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35 Alaska Just. F. 1 (2018)

handle is hein.journals/aljufor35 and id is 1 raw text is: 

Environmental justice:

Challenges of contaminated site cleanup in rural AK

Paula Williams and Pamela Cravez
While working in Western Alaska a decade
ago, residents of Elim, a small village near
Nome  on the Bering Sea, told Paula about
how  they had stopped fishing and hunting
near an abandoned military site. When the
military closed the site, they dug a big hole
and buried everything. Now, the fish in the
river and animals near the abandoned site
were no longer healthy and were unsafe to
eat, one resident told Paula.
  At the time, efforts to clean up hazardous
wastes left by the abandoned military site
at Moses Point had been going on for more
than 20 years. Cleanup continues today.
  Rural communities in Alaska, which rely
greatly upon the environment for their live-
lihood, are disproportionately impacted by
environmental contamination. These com-
munities also struggle more to get the re-
sources to have contaminated sites cleaned.
  Alaska is ranked third in the United States

for the number  of properties eligible for
cleanup under the Formerly Used Defense
Sites (FUDS) program. Many of the proper-

Contaminated sites in Alaska, FY 2017. Contaminated Sites Database, Alaska Department of Environmental
Conservation (http://dec.alaska.gov/spar/csp.aspx).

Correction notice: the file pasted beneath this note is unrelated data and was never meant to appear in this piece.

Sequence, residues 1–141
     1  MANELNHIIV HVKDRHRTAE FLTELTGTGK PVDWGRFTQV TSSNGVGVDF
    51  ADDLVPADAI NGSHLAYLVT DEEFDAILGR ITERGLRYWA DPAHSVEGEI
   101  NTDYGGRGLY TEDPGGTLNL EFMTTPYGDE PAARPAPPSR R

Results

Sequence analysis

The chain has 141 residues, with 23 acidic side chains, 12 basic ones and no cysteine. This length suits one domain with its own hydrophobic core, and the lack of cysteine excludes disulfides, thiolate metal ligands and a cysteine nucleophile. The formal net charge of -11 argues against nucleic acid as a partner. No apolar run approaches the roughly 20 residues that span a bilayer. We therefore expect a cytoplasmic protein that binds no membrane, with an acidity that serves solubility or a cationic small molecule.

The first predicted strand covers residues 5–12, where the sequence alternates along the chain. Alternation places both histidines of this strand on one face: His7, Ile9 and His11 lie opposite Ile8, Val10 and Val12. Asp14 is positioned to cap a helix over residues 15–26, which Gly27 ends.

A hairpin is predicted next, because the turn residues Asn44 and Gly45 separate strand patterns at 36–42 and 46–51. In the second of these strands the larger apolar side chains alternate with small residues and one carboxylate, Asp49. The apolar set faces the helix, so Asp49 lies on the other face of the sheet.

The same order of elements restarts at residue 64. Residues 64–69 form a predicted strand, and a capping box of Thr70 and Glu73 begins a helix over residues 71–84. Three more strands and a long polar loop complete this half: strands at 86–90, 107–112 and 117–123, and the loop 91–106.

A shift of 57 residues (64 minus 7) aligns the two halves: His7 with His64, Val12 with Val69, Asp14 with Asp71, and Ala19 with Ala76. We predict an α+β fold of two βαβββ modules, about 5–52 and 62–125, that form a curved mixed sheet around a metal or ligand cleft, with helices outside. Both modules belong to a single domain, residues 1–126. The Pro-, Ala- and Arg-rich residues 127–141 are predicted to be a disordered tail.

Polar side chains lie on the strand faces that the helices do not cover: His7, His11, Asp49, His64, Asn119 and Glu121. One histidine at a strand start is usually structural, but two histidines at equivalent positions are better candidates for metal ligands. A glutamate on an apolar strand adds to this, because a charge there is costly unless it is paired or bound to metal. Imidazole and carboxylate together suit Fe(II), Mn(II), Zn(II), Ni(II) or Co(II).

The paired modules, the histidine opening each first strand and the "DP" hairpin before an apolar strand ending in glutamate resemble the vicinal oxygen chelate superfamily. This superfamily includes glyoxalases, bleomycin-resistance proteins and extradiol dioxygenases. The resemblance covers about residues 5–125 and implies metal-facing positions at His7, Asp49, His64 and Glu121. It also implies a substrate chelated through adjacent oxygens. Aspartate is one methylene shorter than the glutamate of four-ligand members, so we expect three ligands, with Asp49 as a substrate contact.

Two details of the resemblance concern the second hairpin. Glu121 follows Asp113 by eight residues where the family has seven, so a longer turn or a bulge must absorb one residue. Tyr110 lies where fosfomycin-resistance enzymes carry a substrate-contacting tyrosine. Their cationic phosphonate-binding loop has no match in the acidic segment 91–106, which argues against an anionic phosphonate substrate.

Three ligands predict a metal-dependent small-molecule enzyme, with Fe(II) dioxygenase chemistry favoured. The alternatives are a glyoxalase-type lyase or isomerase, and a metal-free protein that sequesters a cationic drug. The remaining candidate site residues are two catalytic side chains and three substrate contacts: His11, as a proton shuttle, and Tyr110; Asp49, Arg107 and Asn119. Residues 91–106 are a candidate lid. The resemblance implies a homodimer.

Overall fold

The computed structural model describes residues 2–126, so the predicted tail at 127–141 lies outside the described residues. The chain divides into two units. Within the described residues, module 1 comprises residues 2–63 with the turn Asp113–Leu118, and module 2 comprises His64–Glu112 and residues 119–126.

ties were contaminated during World War II,
or during the Cold War, when the long-term
effects of chemicals were not understood,
and the accepted means of disposal was to

bury or abandon anything that was too ex-
pensive to transport out of Alaska.
  Most of these properties are in remote
locations. Cleanup projects that are begun
may take many years to complete due to the
complicated nature of each site, according
to the U.S. Army Corps of Engineers (USACE,

l Superfund and  FUDS
  In the 1980s, Congress created programs
such as the Comprehensive Environmental
Response Compensation  and  Liability Act
(CERCLA), also known as Superfund, and the

Formerly Used Defense Site (FUDS) program,
to  provide oversight, coordination, and
funding to address abandoned  or uncon-
trolled hazardous waste from military, civil-
ian, commercial and other sources. However,
the breadth, complexity and cost of cleanup
is no match for funds available, especially
in rural Alaska (Hogan, Christopherson, &
Rothe, 2006; EPA, 2018a; USACE, n.d. (b)).
  As of the end of 2017, the U.S. Army Corps
of Engineers had spent about $980 million
on FUDS  investigation and cleanup work,
according to John  Budnik, Public Affairs
Specialist with the U.S. Army Corps of Engi-
neers - Alaska District. The estimated cost
for cleanup of all remaining known FUDS
projects in Alaska is $1.4 billion. Funding
for 2018 is $35 million, according to Budnik,
who  provided the following accounting of
FUDS properties.

    Please see Environmental justice, page 2

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